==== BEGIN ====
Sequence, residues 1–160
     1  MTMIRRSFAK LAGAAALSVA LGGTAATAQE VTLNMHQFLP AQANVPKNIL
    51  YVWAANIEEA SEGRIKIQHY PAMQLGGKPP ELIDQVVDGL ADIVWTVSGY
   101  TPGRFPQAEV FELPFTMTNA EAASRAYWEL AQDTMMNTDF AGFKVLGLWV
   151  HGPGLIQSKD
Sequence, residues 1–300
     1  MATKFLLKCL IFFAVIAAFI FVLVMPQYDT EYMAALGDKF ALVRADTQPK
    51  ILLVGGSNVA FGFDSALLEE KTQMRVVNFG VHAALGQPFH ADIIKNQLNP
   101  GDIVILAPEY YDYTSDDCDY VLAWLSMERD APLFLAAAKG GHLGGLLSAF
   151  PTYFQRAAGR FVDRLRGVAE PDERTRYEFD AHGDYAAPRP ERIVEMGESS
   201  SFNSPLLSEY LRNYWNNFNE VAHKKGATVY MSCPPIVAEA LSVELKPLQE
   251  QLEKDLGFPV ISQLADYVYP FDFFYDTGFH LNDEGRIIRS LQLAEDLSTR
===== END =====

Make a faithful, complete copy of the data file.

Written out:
Sequence, residues 1–160
     1  MTMIRRSFAK LAGAAALSVA LGGTAATAQE VTLNMHQFLP AQANVPKNIL
    51  YVWAANIEEA SEGRIKIQHY PAMQLGGKPP ELIDQVVDGL ADIVWTVSGY
   101  TPGRFPQAEV FELPFTMTNA EAASRAYWEL AQDTMMNTDF AGFKVLGLWV
   151  HGPGLIQSKD
Sequence, residues 1–300
     1  MATKFLLKCL IFFAVIAAFI FVLVMPQYDT EYMAALGDKF ALVRADTQPK
    51  ILLVGGSNVA FGFDSALLEE KTQMRVVNFG VHAALGQPFH ADIIKNQLNP
   101  GDIVILAPEY YDYTSDDCDY VLAWLSMERD APLFLAAAKG GHLGGLLSAF
   151  PTYFQRAAGR FVDRLRGVAE PDERTRYEFD AHGDYAAPRP ERIVEMGESS
   201  SFNSPLLSEY LRNYWNNFNE VAHKKGATVY MSCPPIVAEA LSVELKPLQE
   251  QLEKDLGFPV ISQLADYVYP FDFFYDTGFH LNDEGRIIRS LQLAEDLSTR